Second Grade Read Aloud Banquet



Songs for September


Spring

Sound the flute!

Now it's mute.

Birds delight,

Day and night.

Nightingale,

In the dale,

Lark in sky—

Merrily,

Merrily, merrily to welcome in the year.


Little boy,

Full of joy;

Little girl,

Sweet and small;

Cock does crow,

So do you;

Merry voice,

Infant noise;

Merrily, merrily to welcome in the year.


Little lamb,

Here I am;

Come and lick

My white neck;

Let me pull

Your soft wool;

Let me kiss

Your soft face;

Merrily, merrily we welcome in the year.


  Monday Tuesday Wednesday Thursday Friday Saturday Sunday
Week 39 A Distant Tower from The Little Lame Prince by Dinah Maria Mulock Doctor Goldsmith from Fifty Famous Stories Retold by James Baldwin Peter Saves a Friend and Learns Something from The Burgess Bird Book for Children by Thornton Burgess FIRE: THE FIRST STORY from The Forge in the Forest by Padraic Colum
Phaethon from The Forge in the Forest by Padraic Colum
The New Trade-Route from The Discovery of New Worlds by M. B. Synge The Wolf Hunt (Part 1 of 2) from The Bears of Blue River by Charles Major Saint Faith from In God's Garden by Amy Steedman
Captain Smith's Expedition and Return from Richard of Jamestown by James Otis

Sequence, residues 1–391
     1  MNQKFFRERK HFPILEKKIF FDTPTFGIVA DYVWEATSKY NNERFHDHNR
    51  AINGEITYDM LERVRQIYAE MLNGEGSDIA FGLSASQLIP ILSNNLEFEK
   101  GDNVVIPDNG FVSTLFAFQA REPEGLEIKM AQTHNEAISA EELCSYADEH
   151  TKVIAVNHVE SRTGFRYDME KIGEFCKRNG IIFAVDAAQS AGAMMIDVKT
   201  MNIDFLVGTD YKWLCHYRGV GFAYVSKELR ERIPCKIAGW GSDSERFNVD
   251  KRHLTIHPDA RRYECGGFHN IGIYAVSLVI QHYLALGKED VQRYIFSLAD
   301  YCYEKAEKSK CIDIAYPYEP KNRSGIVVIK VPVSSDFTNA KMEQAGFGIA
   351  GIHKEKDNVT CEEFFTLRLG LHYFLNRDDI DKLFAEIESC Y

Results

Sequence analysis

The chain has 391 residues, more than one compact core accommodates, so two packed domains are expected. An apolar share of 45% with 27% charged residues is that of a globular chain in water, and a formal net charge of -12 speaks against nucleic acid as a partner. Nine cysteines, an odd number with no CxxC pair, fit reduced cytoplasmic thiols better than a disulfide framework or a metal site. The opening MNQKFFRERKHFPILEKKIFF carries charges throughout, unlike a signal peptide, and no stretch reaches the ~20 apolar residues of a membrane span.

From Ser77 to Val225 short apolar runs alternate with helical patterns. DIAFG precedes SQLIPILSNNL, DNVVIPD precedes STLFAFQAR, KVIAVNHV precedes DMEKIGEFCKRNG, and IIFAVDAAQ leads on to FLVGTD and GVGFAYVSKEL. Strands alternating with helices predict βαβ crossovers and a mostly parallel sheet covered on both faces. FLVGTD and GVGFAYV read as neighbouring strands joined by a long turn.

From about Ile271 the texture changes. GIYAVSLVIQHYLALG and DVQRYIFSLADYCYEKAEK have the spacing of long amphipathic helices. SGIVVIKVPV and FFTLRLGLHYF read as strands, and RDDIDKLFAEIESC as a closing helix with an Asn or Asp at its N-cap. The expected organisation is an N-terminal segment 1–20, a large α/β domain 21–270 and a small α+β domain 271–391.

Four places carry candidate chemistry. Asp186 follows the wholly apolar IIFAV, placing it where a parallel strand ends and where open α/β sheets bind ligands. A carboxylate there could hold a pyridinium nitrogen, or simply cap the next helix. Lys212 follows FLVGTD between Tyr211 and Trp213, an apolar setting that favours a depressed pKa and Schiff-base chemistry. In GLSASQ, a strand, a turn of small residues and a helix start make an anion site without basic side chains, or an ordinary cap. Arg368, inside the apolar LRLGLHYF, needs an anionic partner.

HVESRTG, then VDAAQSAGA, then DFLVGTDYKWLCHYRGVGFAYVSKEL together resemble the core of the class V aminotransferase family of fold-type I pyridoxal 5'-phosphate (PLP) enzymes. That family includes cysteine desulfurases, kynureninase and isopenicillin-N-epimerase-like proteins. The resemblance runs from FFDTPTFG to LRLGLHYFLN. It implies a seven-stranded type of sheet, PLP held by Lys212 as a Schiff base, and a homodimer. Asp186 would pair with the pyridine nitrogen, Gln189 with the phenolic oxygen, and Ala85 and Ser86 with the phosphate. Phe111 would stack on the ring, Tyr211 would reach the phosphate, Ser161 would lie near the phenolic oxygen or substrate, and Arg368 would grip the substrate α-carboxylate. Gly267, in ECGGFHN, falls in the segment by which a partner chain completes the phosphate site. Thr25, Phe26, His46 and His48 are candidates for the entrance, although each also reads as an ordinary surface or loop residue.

An Exciting Adventure from Richard of Jamestown by James Otis
Taken before Powhatan from Richard of Jamestown by James Otis
Goldenrod Honey from Outdoor Visits by Edith M. Patch The Cock and the Jewel from The Aesop for Children by Milo Winter I Have a Queer Dream from Robinson Crusoe Written Anew for Children by James Baldwin The Three Wishes from Merry Tales by Eleanor L. Skinner Why Unc' Billy Possum Didn't Go Home from The Adventures of Unc' Billy Possum by Thornton Burgess The Log-Book Story from The Sandman: His Sea Stories by Willliam J. Hopkins
Golden-Rod by Frank Dempster Sherman The Ride to Bumpville by Eugene Field   The Quest by Eudora Bumstead I Can't Abear by Walter de la Mare Today by Thomas Carlyle How the Leaves Came Down by Susan Coolidge
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The Aesop for Children  by Milo Winter

The Frogs and the Ox

An Ox came down to a reedy pool to drink. As he splashed heavily into the water, he crushed a young Frog into the mud. The old Frog soon missed the little one and asked his brothers and sisters what had become of him.

"A great big  monster," said one of them, "stepped on little brother with one of his huge feet!"

"Big, was he!" said the old Frog, puffing herself up. "Was he as big as this?"


[Illustration]

"Oh, much  bigger!" they cried.

The Frog puffed up still more. "He could not have been bigger than this," she said. But the little Frogs all declared that the monster was much, much  bigger and the old Frog kept puffing herself out more and more until, all at once, she burst.

Do not attempt the impossible.